The original planners of this community provided an overflow valve for Lake Winnemissett, in the form of a canal, called “The Canoe Trail”. This foresight allows the lake to have excess water that builds up, to run off to lower wetlands through this drainage canal. While in the process of paving Lake Winnemissett Drive, the bridge over this drainage canal presented a challenge for the county engineers, as this canoe trail had been dug many years earlier. The engineers had the bridge constructed like a culvert in the form of a rectangular tube, with twelve inches of concrete in all four sides,and the bottom level of the culvert was as they calculated it to be the average level of the lake.
    In addition to a first class roadway, the Volusia County zone 1 council member ensured for many years, until the late 1960’s, the trail was maintained and cleared by prisoners in case the overflow valve was ever needed. The prisoners were housed in barracks in the prison on North Kepler Road, and when the prisoners were moved, and the county went to a County Manager type of government, maintenance ended. This was quite evident during last year’s hurricanes when lake levels were at all time highs and a neglected and partially filled in drainage canal system could not do what it was designed for, thus levels remain higher than they should. Now that our “storm water fees” have been increased to $72 per year, maybe a drainage study and correction of the problems are in order!

    This was written around 2005.

  3. Also to add to my comments from Monday night:
    A long ago time and as it seems a far away place, yet right in our back yard, with a simpler life, and before annexations, headlines once read “Lovely drive may be declared scenic road”. It’s true that back in 1988, Volusia County established an ordinance to designate scenic roads in order to provide safeguards to protect thoroughfares and their surrounding environments. This precursor led up to the following article written by Valerie Berton in the Volusian on January 16, 1990.
    Byline, Lake Winnemissett-The stately trees ringing Lake Winnemissett and the beautiful view Lake Winnemissett Drive affords of the choppy blue waters could be preserved for years to come, if the county officials designate the road as scenic later this month.
    The two mile drive will be considered under the county’s scenic road ordinance, which ensures that any maintenance or construction of the road or surrounding vegetation be ok ed first by the County Council after a public hearing.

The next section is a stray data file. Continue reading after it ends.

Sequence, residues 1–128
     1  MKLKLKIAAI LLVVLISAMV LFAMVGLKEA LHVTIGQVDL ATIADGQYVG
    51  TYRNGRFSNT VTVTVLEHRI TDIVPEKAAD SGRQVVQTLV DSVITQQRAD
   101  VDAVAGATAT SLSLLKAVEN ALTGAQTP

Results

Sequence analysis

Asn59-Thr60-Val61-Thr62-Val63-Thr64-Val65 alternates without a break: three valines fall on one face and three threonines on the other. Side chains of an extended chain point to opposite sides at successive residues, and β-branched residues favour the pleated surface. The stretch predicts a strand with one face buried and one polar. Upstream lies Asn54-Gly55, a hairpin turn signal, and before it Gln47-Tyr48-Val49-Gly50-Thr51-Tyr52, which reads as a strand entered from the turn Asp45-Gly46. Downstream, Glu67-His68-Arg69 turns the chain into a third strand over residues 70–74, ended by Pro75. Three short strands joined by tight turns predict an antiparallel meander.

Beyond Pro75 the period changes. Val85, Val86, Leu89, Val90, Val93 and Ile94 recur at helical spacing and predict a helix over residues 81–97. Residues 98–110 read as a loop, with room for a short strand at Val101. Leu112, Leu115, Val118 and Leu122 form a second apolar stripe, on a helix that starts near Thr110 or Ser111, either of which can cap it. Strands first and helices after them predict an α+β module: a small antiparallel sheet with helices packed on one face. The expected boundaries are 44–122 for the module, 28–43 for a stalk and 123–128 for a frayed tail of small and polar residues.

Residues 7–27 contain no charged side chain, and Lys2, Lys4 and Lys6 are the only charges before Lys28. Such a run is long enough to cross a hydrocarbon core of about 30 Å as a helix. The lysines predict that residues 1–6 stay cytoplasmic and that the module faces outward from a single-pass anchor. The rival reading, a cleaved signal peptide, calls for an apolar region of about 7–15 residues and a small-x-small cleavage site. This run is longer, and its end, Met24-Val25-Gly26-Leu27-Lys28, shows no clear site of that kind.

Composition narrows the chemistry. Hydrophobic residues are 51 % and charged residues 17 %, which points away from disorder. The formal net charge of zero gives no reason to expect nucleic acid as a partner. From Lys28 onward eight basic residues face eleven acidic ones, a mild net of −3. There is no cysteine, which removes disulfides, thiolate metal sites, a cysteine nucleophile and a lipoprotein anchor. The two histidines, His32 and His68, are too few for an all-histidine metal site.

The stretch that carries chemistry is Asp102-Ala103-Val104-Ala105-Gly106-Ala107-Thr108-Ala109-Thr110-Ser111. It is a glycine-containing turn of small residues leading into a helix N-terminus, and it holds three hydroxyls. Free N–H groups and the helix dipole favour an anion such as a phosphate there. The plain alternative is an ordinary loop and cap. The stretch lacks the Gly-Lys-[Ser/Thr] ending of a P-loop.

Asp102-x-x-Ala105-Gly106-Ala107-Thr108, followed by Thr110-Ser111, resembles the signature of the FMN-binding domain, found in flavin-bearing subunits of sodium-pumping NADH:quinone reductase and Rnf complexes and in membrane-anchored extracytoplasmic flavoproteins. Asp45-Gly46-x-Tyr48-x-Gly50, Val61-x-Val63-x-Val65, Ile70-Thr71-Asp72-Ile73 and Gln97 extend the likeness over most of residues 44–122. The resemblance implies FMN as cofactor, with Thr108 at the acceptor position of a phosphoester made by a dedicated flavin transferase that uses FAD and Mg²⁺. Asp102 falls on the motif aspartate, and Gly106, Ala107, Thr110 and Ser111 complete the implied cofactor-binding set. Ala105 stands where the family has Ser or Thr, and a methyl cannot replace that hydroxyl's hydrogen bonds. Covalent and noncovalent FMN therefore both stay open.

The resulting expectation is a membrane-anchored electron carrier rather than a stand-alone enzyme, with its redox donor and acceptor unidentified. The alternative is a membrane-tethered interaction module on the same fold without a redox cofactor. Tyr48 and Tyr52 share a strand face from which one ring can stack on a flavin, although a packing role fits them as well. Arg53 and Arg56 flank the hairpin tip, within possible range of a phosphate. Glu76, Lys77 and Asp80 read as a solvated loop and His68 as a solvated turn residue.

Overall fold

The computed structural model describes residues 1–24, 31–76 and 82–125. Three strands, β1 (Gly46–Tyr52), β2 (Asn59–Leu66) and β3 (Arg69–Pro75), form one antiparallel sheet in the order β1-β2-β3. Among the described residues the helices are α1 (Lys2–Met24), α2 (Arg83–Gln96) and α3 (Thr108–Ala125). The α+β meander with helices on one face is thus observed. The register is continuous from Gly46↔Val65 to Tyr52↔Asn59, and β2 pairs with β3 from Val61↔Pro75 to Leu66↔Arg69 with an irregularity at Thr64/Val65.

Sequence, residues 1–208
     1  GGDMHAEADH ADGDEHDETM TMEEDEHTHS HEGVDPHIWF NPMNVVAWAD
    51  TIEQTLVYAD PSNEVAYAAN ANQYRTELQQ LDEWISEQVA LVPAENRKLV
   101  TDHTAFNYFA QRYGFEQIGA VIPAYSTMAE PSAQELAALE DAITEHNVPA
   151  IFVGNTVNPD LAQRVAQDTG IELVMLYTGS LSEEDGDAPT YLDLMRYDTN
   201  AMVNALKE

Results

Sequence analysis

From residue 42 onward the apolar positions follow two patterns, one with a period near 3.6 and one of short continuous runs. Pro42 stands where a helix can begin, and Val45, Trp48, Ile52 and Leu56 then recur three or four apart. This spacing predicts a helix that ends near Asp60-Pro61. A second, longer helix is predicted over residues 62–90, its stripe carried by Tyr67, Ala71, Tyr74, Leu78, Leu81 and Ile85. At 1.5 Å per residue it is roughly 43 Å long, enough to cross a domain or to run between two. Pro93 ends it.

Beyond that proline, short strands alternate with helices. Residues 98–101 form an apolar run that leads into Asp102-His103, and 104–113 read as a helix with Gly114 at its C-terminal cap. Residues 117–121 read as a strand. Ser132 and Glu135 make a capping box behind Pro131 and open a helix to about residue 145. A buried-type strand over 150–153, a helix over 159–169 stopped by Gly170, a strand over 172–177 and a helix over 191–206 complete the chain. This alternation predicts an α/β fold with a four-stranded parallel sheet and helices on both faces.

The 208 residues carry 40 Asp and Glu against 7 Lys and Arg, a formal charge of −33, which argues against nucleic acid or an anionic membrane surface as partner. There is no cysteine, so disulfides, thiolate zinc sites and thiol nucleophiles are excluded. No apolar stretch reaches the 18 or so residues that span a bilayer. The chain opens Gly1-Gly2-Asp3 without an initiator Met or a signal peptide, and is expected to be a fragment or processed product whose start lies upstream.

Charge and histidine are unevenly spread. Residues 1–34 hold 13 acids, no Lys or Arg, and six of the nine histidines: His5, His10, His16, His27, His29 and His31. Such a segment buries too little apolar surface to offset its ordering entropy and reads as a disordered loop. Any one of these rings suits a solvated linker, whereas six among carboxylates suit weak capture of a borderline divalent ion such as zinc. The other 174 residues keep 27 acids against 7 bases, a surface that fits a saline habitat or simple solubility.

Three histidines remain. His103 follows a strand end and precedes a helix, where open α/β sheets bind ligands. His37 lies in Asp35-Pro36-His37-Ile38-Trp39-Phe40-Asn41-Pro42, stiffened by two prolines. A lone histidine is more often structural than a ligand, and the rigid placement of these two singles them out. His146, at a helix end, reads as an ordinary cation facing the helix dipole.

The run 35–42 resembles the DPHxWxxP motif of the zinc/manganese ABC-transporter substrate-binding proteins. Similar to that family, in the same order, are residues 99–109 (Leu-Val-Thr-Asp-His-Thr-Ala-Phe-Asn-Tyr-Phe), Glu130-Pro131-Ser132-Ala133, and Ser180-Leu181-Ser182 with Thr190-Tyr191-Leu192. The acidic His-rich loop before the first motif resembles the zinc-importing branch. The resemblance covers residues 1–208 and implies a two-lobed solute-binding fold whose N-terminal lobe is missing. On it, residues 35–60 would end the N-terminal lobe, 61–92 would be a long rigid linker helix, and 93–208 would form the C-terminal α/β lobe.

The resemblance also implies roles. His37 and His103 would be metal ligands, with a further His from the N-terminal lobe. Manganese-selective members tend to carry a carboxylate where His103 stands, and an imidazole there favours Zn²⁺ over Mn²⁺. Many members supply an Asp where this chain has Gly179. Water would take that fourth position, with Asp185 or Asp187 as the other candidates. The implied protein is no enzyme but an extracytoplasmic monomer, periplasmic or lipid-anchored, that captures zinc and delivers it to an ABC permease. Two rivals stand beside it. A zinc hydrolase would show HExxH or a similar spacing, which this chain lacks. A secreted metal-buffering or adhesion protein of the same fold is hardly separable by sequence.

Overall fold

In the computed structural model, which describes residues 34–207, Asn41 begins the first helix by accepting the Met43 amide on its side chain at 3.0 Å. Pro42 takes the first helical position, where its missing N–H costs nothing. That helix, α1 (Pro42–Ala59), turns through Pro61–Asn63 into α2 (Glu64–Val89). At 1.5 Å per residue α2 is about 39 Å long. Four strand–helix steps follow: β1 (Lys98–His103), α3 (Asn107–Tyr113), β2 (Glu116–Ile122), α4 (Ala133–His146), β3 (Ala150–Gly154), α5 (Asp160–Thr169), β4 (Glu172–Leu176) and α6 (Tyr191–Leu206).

“Before we would affect the trees through any routine maintenance, we must conduct a public hearing,” said Tom McClelland, then the county’s assistant county manager for public works. The council would consider whether to designate the road as scenic at their Jan. 18 (1990) meeting. Anyone interested in the fate of the drive was invited to speak before the council. McClelland said he doubts the scenic road designation for lake Winnemissett Drive would be controversial. The road, off S.R. 44 near Kepler Road, is bordered by numerous tall live oaks that hang over the natural arches on the lake’s east and west side. The oaks drip with Spanish moss, transporting the passerby to a Florida long gone by.
    Further around the lake, tall slash pines take over as the road takes on sharp curves. Single family homes are well spaced in the serene setting, a stark contrast to the busy I-4 interchange a few miles away on SR 44.
    That was a great day for LWCA back in 1990, but developers have moved in and the city annexed this property into the city limits and the new property owners, sure don’t like this historic and scenic road. We’re not sure about the City Commission.

    In the form of a grass roots movement we are attempting to get the attention of our law makers concerning the possible demolition of the city’s portion of Lake Winnemissett Drive and moving it several hundred feet eastward. It’s amazing what developers will destroy in the name of progress, and our historic and scenic road around the lake is on the chopping block. This looping drive around the lake with its beautiful trees and vistas should be preserved. Keep your eyes out for our signs asking for support to “Save This Loop Too”.

    This was written in 2006.